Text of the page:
Anyone who has been abroad knows all about crazy street performers, artists selling their works in crowded squares and music wafting through quaint alleys. But walking around Ann Arbor, the only music to be heard (save for that guy by the UGLi) is confined to our individual iPods. What’s more, this phenomenon isn’t just local; Europe has over 20 times the number of publicly funded symphony orchestras per capita than the United States. It’s clear our country falls far behind the rest of the world in the area of public arts — but why?

As usual, the answer comes down to politics, money and long-standing cultural differences perpetuating this dichotomy. Europe, for instance, harbors a more collectivist culture than the United States, which draws people to participate in and support public arts. Success in keeping such a culture alive has come about via employing artists — however humbly — through the public sector.

This is made plausible by (gasp) heavy government spending in the area of arts and culture. Such spending is a luxury allowed for in European governmental models, but not in the United States. Here, funding for the arts is handled mostly on the state level and through several separate federal institutions, the largest being the National Endowment for the Arts. Regrettably, the NEA’s budget has been cut over the years, from $175 to $125 million annually. But more problematic is the lack of cohesive goals among such public cultural institutions as the NEA, National Public Radio and Public Broadcasting Service.

Most nations solve this confusion by establishing an arts-and-culture cabinet position to guide government spending and offer the overarching guidance these organizations need to make substantial changes. Such a position provides the authority and resources required to effectively impact the way the country approaches the arts in the long run. This is just what several arts enthusiasts are hoping President Barack Obama will do — and they have history on their side.

During the Great Depression, Franklin Delano Roosevelt funded (through the Farm Security Administration) photo documentation of America’s strife and strength. The great works generated through this program are still heralded today as triumphs in American art. Struggling through the Civil Rights Movement, Lyndon B. Johnson created the NEA and the National Endowment for the Humanities. Obama could continue this national tradition of overcoming daunting times, not only in tax plans, defense strategy and diplomacy — all imperative components — but also by invigorating the American spirit through a strengthening of our common bond: our culture.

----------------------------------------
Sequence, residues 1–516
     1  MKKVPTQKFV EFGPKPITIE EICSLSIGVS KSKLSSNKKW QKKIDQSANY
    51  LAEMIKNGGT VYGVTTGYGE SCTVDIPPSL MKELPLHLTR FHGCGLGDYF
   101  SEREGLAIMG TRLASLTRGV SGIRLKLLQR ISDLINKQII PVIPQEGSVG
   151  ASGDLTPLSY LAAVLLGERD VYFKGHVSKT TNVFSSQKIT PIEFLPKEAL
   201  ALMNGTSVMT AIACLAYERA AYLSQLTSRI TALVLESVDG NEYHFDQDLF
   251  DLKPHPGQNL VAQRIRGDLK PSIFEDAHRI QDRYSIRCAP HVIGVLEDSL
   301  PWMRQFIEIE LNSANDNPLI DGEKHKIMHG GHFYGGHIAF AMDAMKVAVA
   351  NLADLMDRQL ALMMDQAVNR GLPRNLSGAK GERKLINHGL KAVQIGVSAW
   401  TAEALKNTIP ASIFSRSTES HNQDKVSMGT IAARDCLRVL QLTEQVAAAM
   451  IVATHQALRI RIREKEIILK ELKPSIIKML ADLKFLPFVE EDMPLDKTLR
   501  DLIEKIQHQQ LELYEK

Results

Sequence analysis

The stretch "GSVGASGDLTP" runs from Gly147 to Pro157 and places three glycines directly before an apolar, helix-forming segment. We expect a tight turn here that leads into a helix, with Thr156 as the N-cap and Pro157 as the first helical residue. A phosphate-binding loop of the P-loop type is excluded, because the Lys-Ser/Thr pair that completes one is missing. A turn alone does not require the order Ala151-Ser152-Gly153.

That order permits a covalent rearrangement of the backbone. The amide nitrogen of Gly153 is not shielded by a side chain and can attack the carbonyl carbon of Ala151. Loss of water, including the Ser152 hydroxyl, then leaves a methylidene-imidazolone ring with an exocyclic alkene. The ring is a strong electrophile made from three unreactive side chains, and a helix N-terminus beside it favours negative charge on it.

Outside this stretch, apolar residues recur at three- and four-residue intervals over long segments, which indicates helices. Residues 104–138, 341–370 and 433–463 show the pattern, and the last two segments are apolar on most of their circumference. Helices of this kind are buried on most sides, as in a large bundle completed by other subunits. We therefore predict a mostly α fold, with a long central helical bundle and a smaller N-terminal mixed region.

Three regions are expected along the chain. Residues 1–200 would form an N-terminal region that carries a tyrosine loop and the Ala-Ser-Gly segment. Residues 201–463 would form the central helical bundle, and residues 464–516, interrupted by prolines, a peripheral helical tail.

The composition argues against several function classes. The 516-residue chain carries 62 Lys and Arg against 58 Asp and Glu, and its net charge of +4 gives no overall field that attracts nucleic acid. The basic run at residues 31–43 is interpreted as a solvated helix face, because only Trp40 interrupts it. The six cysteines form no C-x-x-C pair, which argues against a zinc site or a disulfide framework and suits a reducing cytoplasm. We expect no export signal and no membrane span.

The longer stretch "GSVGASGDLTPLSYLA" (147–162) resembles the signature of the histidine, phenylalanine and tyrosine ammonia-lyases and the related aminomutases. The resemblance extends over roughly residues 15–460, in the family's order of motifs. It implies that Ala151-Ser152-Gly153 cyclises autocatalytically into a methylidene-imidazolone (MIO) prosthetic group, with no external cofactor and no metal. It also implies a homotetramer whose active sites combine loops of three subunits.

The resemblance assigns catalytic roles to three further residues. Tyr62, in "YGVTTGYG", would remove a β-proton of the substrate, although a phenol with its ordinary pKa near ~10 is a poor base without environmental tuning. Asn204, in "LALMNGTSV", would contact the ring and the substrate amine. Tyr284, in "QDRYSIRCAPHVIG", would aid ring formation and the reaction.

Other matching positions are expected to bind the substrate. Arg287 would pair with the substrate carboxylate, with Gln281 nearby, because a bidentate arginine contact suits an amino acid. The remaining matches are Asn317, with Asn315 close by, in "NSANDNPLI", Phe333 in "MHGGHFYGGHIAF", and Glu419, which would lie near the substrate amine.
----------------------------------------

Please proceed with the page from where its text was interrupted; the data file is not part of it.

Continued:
It’s also worth noting that, historically, some of our most celebrated artistic works emerged from times of strife. “Gone with the Wind” and “The Wizard of Oz,” two of Hollywood’s highest rated masterpieces, were released in 1939, a trying time for an America suffering through the end of the Great Depression and possibly on the verge of war.

Many argue that, in these troubled economic times, the arts should be the least of our worries. But it should be duly noted that cultural products are some of America’s most valuable exports. American movies, music, books and art (as well as our actors, actresses and musicians) have become cultural commodities and are extremely marketable abroad.

Creating a position in the presidential cabinet for arts and culture would allow public cultural institutions to work together more easily and efficiently. More scholarships could be awarded to budding artists. More theaters and performance spaces could be built, and more community orchestras, choirs and theater companies could be funded.

America is often known as the world’s cultural center. We have the potential to cultivate a great arts culture, but we’re missing the boat. With a little guidance and a decent effort, the benefits to be reaped could be just what we need.

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